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They Are, Hands Down, The Best Butts in Las Vegas

They Are, Hands Down, The Best Butts in Las Vegas: Shellee Renee poses with the Bronze Butts at the Riviera in Las Vegas

Shellee Renee poses with the Bronze Butts at the Riviera in Las Vegas

Angela Stabile estimates that more than 10 million people have petted, fondled and grabbed her ass over the last 20 years.

Not her real ass, of course, but a bronze version of it, at the Riviera Hotel and Casino on the Las Vegas Strip.

Stabile’s likeness is one of seven hot bodies in a statue that celebrates “Crazy Girls,” a semi-nude burlesque show that has run at the Riviera since 1987. The local convention and visitors authority boasts that the lineup — colloquially known as the Bronze Butts statue — is the most photographed piece of art in Las Vegas. The Riviera closed for good this week, which means the statue is about to graduate from icon to legend.

To laypeople, the statue has been a curiosity — a must-see on the seemingly inexorable walk from the South Strip to Downtown. Many people stop to pose with the bronze bods in front of a camera, acting silly or suggestive (or both). Superstitious visitors rub the butts for good luck, polishing the bronze.

To the dancers, as well as show creator and producer Norbert Aleman, the statue is a point of pride.

“My butt is the shiniest,” Stabile joked with me this past weekend. “I like to think that says something about what people think of it.”

SHAPING GREATNESS
The statue wasn’t planned so much as it happened. Back in the early 1990s producer Aleman was fiddling with different combinations of topless girls for images and other collateral to market the show. He tried dancers from the front. He tried them from the side. Finally, one day, he had Stabile and her best friend Shellee Renee (pictured up top) pose in nothing but g-strings while facing a wall, arms interlocked, hands on each other’s bottoms.

The tight, almost-naked bottoms were enticing. Aleman wanted more.

He arranged for a metallurgist to come in from Santa Fe, and he trucked seven of the dancers out to a warehouse near the airport for a day of modeling. As Stabile remembers it, this happened in July, the warehouse had no air conditioning and was “unbearably hot.” She said one of the dancers passed out.

Eventually they lined up in the famous pose — seven across, butts in a row. They were covered with baby oil up to their necks. Then they were covered with cotton. The metallurgist poured Plaster of Paris. When the mold dried, the artist’s team removed the plaster in sections and took it back with them to New Mexico. Heads and hair, done from an artist’s rendering, were added later.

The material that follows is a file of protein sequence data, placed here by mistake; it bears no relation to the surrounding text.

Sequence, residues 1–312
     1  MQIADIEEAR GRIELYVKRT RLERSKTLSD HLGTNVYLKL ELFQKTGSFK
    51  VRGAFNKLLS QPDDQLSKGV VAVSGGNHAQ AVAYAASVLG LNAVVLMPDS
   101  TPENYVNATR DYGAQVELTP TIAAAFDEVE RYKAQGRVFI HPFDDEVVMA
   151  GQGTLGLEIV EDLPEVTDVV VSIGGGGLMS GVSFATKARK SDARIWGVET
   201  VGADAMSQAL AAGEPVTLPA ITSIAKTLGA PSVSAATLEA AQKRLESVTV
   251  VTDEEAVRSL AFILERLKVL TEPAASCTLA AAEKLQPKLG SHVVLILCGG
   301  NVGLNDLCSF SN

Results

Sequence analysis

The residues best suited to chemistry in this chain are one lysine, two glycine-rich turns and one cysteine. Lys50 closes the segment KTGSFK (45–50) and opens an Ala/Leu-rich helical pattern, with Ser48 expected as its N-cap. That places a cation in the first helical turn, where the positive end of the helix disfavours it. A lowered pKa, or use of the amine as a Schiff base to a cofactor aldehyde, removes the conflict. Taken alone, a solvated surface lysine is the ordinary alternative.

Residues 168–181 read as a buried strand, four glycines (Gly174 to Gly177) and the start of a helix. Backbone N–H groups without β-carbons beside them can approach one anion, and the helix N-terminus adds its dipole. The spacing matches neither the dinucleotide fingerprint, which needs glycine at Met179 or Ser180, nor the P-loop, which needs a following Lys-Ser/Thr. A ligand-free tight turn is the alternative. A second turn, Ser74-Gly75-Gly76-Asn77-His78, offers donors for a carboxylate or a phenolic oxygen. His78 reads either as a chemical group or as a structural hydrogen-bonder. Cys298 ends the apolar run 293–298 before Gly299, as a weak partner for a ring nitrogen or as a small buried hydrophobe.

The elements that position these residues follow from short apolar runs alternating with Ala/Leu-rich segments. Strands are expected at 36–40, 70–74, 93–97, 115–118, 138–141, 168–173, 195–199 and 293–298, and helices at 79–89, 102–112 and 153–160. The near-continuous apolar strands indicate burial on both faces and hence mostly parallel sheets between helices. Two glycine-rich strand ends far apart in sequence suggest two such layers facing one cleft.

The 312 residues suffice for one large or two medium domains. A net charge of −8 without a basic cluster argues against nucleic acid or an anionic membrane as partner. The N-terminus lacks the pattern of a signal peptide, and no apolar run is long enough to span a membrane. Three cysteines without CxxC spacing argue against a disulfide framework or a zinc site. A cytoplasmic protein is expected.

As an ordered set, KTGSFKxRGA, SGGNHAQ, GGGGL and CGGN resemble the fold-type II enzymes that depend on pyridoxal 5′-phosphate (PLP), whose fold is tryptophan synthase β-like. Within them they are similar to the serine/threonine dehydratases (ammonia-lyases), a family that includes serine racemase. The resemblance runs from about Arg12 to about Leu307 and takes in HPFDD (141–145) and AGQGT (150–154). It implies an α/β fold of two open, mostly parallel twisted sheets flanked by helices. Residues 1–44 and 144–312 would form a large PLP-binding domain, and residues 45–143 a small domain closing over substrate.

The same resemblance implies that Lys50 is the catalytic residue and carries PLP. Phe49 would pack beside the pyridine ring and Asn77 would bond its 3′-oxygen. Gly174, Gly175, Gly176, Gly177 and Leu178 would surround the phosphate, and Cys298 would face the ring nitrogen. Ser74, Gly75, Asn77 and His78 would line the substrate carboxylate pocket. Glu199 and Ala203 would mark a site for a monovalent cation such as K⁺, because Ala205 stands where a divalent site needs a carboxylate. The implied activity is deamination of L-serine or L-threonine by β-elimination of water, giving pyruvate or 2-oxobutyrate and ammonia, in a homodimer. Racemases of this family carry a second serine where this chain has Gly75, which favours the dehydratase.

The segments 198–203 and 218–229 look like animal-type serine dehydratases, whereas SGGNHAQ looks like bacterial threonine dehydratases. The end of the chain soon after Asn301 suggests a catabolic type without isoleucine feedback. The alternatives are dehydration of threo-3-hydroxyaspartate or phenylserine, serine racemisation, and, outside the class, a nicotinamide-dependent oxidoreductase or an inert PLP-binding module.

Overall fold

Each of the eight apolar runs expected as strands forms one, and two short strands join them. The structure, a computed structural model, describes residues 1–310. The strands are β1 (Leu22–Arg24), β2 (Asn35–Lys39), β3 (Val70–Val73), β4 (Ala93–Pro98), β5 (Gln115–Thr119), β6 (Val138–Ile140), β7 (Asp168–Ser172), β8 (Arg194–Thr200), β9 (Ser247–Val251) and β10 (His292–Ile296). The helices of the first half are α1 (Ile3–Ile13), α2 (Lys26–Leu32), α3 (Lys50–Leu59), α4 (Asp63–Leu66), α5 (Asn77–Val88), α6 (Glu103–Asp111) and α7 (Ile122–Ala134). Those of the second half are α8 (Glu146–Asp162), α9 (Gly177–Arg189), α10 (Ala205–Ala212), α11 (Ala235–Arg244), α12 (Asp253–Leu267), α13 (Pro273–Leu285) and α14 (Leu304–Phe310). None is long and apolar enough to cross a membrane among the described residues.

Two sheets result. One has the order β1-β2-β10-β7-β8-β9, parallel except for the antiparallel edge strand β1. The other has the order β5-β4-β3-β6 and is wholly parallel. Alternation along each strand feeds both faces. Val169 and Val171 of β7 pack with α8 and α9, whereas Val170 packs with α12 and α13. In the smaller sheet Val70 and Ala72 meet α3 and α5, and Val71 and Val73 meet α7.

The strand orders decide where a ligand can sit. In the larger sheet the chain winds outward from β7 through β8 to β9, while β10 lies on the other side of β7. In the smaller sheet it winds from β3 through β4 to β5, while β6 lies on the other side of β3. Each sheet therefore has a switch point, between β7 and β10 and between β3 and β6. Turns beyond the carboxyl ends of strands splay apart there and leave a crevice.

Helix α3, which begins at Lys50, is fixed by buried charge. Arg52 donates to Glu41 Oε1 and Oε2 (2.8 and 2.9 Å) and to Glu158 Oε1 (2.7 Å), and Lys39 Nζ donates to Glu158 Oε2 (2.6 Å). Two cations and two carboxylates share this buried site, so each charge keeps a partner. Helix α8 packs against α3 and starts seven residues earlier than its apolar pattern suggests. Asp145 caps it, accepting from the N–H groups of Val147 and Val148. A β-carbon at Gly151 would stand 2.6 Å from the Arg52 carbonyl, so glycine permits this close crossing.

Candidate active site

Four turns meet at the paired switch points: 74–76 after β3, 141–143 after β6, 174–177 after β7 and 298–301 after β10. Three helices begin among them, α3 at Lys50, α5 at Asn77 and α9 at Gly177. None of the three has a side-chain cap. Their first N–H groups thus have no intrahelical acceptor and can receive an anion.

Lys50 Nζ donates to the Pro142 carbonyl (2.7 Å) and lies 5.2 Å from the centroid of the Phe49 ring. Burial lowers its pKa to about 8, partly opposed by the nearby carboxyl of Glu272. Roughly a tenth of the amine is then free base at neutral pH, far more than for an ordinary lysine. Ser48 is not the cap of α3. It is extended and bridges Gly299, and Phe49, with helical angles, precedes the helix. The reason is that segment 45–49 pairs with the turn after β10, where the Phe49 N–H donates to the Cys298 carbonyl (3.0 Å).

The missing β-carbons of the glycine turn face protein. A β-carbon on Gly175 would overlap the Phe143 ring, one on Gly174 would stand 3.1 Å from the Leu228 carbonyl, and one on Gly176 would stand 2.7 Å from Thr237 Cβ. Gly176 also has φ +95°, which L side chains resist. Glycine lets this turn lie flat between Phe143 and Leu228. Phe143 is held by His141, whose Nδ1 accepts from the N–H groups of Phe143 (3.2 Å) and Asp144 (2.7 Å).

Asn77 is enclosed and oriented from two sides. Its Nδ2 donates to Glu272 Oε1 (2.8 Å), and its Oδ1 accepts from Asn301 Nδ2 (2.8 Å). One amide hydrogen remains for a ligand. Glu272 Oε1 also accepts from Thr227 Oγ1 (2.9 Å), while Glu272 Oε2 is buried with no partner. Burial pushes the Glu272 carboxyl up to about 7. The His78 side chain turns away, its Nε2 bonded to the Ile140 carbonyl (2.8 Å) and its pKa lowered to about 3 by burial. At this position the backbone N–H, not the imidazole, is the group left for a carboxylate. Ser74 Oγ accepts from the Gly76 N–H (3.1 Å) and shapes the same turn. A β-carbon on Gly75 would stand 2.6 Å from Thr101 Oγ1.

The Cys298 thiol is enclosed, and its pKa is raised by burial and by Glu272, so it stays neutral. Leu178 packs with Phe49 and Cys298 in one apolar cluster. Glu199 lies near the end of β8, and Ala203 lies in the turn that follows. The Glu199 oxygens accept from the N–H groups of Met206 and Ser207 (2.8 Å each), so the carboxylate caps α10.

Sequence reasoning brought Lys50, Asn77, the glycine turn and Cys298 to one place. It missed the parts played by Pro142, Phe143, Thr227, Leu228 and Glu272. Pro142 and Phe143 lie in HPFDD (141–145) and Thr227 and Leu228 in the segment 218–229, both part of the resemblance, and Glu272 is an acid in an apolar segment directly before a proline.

alt seven-butts

Photo courtesy of Shellee Renee

“The whole thing took about five hours,” Stabile said. “We were used to posing like that, but the conditions that day were a bit extreme.”

The hardship was worthwhile. About a month later, in early 1995, the sculpture arrived at the resort. Aleman and hotel owner Meshulam “Rik” Riklis unveiled it to the dancers first. The group was thrilled. A few days later the hotel held a party for the Crazy Girls burlesque show and had a public unveiling out on the Las Vegas Strip. The event made international headlines. An iconic piece of Las Vegas was born.

SHOWGIRL REALITY
Life as a showgirl those days was hard work. Just days before the Riviera’s closure, Renee recounted the rigors, remembering that at one point in the early 1990s the dancers were performing seven nights a week, three shows a night, in addition to daytime publicity appearances at conventions and around town. Most of them were so exhausted after the last curtain that they’d take a secret elevator from the dressing room straight down to valet.

While there was no official requirement for dancers to get implants, many did. Once one got a breast enlargement, others felt they had to follow suit. The unspoken goal: Large Cs or small Ds. Some girls had three or four surgeries; Renee had one.

Dancers in the show were expected to maintain a consistent weight. No matter how tall the women were, nobody could exceed 130 pounds.

Aleman staged weigh-ins every Wednesday night, and Renee (who averaged around 117) remembered how all of the dancers would starve themselves for days beforehand and then celebrate with extravagant lunches in a fancy restaurant at Caesars Palace the following day.

“This was one of the only shows on The Strip at the time with girls who were completely topless. We didn’t have costumes or nude fishnets,” she said. “It was so much more than just the statue; our bodies and rear ends were on billboards, posters, mousepads, coffee mugs and taxicab ads all over town. Looking hot was just part of the job.”

WHAT’S NEXT
Stabile and Renee are in their 50s now, and both still turned heads last week when they attended the final performance of Crazy Girls at the Riv. The Las Vegas Convention and Visitors’ Authority, which purchased the hotel earlier this year, plans to convert it into convention space.

The show is slated for relocation to Planet Hollywood Resort & Casino at some point over the next few months, and the statue is expected to follow.

The iconic art piece was removed early Monday morning. After the biggest fight night in recent memory, a small crowd was on hand to watch. Passersby lined up for one last feel.

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